(Latin: a suffix forming adjectives from nouns ending in -ary; a person who, a thing that; a person who is a part of something, pertaining to one's state or condition; a person who has a connection with or belief in the stated subject; a promotor of something; a native or inhabitant of someplace; someone of a certain age)

1. Of or pertaining to the alphabet; marked with the alphabet; arranged in alphabetical order, as abecedarian psalms, like the 119th.
2. Occupied with learning the alphabet, or pertaining to one so occupied.
3. One engaged in teaching the alphabet and the merest rudiments of instruction.
acararian (adjective) (not comparable)
Pertaining to, caused by, or of the nature of an acarus (mite): The loss of the honey crop was attributed to the acararian invasion of a new species of mites that attacked the hives.
acarian (adjective), more acarian, most acarian
Pertaining to, caused by, or of the nature of a mite: Acarian organisms are minute or tiny creatures whose history goes back to the early Devonian period.
agrarian (adjective), more agrarian, most agrarian
1. In Roman history, relating to the land: An agrarian epithet of a law (Lex agraria) was intended for the division of conquered lands.
2. Relating to, or connected with, landed property: In the book that Jane was reading, agrarian reforms were in progress to improve the status of famers tending to their farm land.
3. Of, relating to, or connected with cultivated land or its cultivation: A agrarian calendar is still used in schools to indicate when children are needed at home to do planting or harvesting in the summer.
4. In botany, pertaining to plants growing wild in the fields: The agrarian flowers and thistles were absolutely beautiful in the open meadows.

The name for an agrarian region was proposed for the lowest of the altitudinal zones of vegetation within the limits of the cultivation of corn.

Someone who is learning his or her alphabet, or the mere rudiments of any subject; a beginner; an abecedarian.

Also, someone who studies alphabets.

altitudinarian (adjective)
1. Pertaining to, or reaching to, the heights (of fancy, doctrine, etc.).
2. Someone who has lofty aims, thoughts, or plans: "Joe Kurt had an altitudinarian objective of being high in moral and intellectual values as a politician."
antidisestablishmentarian (s) (noun), antidisestablishmentarians (pl)
A person who opposes the withdrawal of the state's recognition of an established church: An antidisestablishmentarian believes that the Church of England should retain its legal relationship with the state, and not depart from it.
Of or connected with the study of antiquities.
One attached to the practices or opinions of antiquity.
Pertaining to bee-hives or bee-keeping.
aquarian (s) (noun), aquarians (pl)
1. One of a sect of Christians in the primitive church, who used water instead of wine in the Lord's Supper.
3. People who keep an aquarium.
3. A person who is born under Aquarius, the eleventh sign of the zodiac.
attitudinize (at" i TOOD nighz, at" i TYOOD nighz) (verb), attitudinizes; attitudinized; attitudinizing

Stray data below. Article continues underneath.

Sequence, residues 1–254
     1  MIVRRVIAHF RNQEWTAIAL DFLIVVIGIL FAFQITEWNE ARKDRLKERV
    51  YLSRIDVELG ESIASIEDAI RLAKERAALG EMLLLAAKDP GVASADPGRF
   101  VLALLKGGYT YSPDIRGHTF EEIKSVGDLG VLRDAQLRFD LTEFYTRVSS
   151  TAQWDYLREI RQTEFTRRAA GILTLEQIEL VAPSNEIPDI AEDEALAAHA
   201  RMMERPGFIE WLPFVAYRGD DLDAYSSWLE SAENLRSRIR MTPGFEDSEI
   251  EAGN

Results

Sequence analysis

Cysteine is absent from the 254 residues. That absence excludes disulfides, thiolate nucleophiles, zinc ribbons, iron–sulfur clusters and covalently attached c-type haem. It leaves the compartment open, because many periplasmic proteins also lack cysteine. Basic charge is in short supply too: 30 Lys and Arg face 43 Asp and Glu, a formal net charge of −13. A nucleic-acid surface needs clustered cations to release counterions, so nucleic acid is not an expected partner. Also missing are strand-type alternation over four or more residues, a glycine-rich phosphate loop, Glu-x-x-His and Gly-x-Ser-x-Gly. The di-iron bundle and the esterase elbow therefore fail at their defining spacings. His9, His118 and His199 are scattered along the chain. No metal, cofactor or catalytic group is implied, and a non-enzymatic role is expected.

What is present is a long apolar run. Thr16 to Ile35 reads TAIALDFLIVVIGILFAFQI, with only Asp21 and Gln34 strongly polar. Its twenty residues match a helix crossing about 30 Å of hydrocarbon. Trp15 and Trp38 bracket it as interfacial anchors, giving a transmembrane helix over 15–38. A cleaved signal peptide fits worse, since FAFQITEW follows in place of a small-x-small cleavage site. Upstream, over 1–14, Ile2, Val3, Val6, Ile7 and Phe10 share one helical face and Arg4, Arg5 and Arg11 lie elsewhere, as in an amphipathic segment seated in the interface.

To present a special behavior in order to impress others: Jim was attitudinizing his audience with stories about how he was able to accomplish more for his company than anyone else.
To pose for effect.
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To have an attitude of pride.
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authoritarian (adjective), more authoritarian, most authoritarian
1. Characteristic of something that involves strict rules and an established authority: The new principal of the high school has more authoritarian guidelines and regulations which are stricter than those that his predecessor had.
2. Relating to, belonging to, or believing in a political system in which obedience to the ruling person or group is strongly enforced: Some people are quite authoritarian when they maintain dictatorial ways of governing their countries.
3. A reference to someone who favors or maintains strict rules and obedience: Mr. Gregory was a very authoritarian teacher in his history classes because his students were not allowed to use their cell phones in and they were required to concentrate on what he was striving to teach them.
Characterized by an unquestionable obedience to an authority.
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barbarian, barbaryn (older spelling)
1. Historically, someone who is not a Greek; then it became a person living outside the boundary of the Roman empire and its civilization; applied especially to the northern nations that overthrew them; followed by anyone who existed outside the realm of Christian civilization.
2. A rude, savage, alien, wild, uncivilized person.
3. An uncultured person, or someone who has no sympathy with literary culture.
4. Applied by nations, generally depreciatively, to foreigners; thus at various times and with various speakers or writers: non-Hellenic, non-Roman (most usual), non-Christian.
5. Uncultivated, uncultured, crude, unsophisticated, uncouth: "The artist accused the public of having barbarian tastes."
6. A foreigner, one whose language and customs differ from the speaker's.

From Greek barbaros, "non-Greek, foreign, barbarous," from an Indo-European imitative base barb, "to stammer, stutter; and unintelligible." The Greeks were quoted as saying that foreigners sounded as if they were saying, "Barbar, Barbar," which was, for the Greeks, unintelligible.

Barbarian, from Latin barbarus. It seems to have signified, at first, only a foreign or a foreigner; but, in time, it implied some degree of wildness or cruelty.

—Samuel Johnson; A dictionary of the English Language;
3rd Edition; 1765.
bibliothecarian (s) (noun), bibliothecarians (pl)
A librarian.